SPARC (the Scholarly Publishing
and Academic Resources Coalition) continues to expand its activities in
accordance with its mission to promote greater competition in the scholarly
publishing arena. Recently, SPARC announced a new public-private initiative
with the American Institute of Biological Sciences (AIBS), the Big 12 Plus
Libraries Consortium, the University of Kansas and the Allen Press to develop
an electronic source named BioOne.
BioOne will begin as an electronic
aggregation of the full texts of dozens of research journals in the biological,
ecological and environmental sciences. It will provide an Internet access
and delivery system, based on an archival SGML database, to a broad selection
of the journals and bulletins of the 55 member societies which constitute
the AIBS. Back issues will be included and additional publishers/journals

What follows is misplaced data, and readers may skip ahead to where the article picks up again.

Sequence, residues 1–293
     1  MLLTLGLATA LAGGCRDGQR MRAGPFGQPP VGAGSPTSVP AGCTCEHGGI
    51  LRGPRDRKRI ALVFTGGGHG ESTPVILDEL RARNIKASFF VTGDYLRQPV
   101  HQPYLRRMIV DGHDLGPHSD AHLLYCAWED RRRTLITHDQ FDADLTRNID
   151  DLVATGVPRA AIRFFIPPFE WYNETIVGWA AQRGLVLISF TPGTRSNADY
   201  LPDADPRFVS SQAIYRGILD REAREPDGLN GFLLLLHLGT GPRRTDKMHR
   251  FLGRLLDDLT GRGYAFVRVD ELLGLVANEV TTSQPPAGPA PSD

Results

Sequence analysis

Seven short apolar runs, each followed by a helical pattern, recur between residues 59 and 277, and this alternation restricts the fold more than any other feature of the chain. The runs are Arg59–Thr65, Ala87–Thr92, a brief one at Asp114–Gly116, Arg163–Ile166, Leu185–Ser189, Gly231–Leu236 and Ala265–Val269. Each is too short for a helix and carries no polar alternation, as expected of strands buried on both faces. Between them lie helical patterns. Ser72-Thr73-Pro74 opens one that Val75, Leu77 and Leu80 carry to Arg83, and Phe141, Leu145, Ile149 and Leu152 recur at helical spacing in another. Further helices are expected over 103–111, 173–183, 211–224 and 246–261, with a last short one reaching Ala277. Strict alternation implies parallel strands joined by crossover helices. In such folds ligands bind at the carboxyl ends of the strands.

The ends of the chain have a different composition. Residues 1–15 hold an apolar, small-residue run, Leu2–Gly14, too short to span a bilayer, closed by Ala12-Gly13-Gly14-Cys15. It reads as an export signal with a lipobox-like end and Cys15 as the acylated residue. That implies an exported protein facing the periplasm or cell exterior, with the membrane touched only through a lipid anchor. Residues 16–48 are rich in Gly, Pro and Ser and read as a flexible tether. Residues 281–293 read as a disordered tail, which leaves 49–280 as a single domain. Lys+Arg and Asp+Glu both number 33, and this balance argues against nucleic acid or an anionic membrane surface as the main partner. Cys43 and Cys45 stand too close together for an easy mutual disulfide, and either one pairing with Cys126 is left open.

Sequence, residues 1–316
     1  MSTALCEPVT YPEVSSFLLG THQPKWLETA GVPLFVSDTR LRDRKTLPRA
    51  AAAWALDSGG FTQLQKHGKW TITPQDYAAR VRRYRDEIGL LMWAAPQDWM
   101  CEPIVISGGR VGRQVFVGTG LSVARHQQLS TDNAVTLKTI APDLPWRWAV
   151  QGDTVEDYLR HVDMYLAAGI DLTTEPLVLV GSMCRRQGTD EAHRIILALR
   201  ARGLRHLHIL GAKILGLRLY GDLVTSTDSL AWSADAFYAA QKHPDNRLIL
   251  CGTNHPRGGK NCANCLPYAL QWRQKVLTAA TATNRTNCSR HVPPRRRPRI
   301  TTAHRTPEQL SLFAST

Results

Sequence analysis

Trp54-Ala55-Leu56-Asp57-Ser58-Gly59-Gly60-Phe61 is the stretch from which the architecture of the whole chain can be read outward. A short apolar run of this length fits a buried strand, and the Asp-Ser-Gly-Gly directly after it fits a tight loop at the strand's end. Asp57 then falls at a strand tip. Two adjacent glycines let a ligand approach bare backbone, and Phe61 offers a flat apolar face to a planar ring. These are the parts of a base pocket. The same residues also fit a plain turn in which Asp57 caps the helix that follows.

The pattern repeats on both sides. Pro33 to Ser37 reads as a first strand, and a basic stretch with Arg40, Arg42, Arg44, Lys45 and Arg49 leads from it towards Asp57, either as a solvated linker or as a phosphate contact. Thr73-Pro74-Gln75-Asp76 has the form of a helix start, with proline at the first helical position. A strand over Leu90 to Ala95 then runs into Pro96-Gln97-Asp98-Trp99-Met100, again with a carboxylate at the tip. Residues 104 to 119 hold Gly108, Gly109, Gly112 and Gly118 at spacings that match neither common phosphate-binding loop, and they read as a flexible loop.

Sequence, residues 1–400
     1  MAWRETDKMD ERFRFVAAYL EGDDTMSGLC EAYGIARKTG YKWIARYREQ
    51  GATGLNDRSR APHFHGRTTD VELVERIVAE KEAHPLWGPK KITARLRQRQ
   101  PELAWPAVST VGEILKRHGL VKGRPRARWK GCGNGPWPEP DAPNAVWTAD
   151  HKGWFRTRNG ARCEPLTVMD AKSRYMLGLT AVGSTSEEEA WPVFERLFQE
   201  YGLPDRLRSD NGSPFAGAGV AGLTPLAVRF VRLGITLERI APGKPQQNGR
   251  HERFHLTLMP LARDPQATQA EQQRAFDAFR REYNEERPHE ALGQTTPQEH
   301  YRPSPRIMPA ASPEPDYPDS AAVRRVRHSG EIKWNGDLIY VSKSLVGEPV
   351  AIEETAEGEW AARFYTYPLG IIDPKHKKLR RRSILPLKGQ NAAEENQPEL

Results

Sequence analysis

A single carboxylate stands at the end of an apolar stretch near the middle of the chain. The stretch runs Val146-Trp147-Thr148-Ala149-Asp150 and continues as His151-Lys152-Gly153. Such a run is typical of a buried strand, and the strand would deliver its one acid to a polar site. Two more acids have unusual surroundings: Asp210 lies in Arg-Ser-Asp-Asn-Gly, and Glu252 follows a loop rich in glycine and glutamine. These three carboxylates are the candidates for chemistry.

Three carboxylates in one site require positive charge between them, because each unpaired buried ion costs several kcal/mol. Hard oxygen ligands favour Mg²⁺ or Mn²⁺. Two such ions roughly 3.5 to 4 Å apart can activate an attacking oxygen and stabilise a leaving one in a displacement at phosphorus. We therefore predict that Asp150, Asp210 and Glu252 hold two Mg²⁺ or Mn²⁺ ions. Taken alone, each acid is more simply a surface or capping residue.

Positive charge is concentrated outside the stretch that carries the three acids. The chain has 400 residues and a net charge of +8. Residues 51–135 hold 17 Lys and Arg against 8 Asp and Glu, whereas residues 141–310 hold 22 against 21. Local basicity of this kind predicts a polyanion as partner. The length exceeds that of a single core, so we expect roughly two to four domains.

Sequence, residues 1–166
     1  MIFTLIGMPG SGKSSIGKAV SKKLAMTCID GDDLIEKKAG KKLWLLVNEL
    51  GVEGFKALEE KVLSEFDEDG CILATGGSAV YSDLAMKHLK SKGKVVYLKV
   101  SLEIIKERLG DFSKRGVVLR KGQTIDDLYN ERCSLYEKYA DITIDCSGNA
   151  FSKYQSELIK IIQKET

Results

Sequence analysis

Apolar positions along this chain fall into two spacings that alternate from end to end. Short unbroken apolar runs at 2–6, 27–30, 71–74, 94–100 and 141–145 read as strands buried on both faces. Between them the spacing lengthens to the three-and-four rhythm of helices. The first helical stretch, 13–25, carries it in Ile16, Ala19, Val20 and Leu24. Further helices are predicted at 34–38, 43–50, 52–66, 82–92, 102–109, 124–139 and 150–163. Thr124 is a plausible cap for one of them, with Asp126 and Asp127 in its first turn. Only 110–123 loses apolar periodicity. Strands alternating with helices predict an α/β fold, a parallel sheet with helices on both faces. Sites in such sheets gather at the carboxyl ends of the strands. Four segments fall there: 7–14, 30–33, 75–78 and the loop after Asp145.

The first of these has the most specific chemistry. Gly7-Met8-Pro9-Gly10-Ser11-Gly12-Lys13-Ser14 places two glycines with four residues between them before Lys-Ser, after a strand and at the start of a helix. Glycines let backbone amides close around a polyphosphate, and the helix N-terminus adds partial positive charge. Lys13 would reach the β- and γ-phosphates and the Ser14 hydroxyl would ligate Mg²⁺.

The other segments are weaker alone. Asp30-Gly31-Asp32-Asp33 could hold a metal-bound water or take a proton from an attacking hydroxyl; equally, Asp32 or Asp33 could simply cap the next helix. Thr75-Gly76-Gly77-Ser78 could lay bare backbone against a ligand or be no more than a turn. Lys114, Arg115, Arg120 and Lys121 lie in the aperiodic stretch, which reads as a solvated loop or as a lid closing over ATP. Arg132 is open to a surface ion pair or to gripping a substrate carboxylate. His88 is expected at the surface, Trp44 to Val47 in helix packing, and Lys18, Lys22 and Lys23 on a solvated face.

may be added over time. Should the effort succeed, BioOne may ultimately
include over 200 bioscience titles from both AIBS and other publishers.
In essence, the coalition approach enables smaller, underfunded bioscience
societies to move strongly into electronic dissemination of research, thereby
reaching a broader audience and expanding service to their constituencies.
BioOne is scheduled for beta release in early 2001 and full availability
soon thereafter. Financing will come from the societies, the 166 member
libraries of the SPARC coalition, and other sources.
In other SPARC news, the American
Chemical Society has launched its new title Organic Letters, covering
peer-reviewed research in organic chemistry. The ACS is the first major
publisher to agree to work with research libraries to offer new journals
at lower prices to compete with costly competitors. A major innovation
is that this journal offers a completely online system of manuscript submission,
peer-review, editing and publishing. Articles in the Web edition of Organic
Letters will be published sequentially within 48 hours of peer-review
under the ACS's innovative ASAP (As Soon As Publishable) system. This system
should make the publication the fastest of the "letters" journals.